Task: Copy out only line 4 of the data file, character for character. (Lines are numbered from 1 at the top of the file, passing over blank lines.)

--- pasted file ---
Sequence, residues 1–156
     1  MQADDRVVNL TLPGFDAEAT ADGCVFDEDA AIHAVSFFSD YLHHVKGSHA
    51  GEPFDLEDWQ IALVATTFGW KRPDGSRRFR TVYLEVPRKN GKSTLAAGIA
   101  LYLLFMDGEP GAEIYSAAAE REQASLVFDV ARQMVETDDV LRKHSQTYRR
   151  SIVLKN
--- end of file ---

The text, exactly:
   101  LYLLFMDGEP GAEIYSAAAE REQASLVFDV ARQMVETDDV LRKHSQTYRR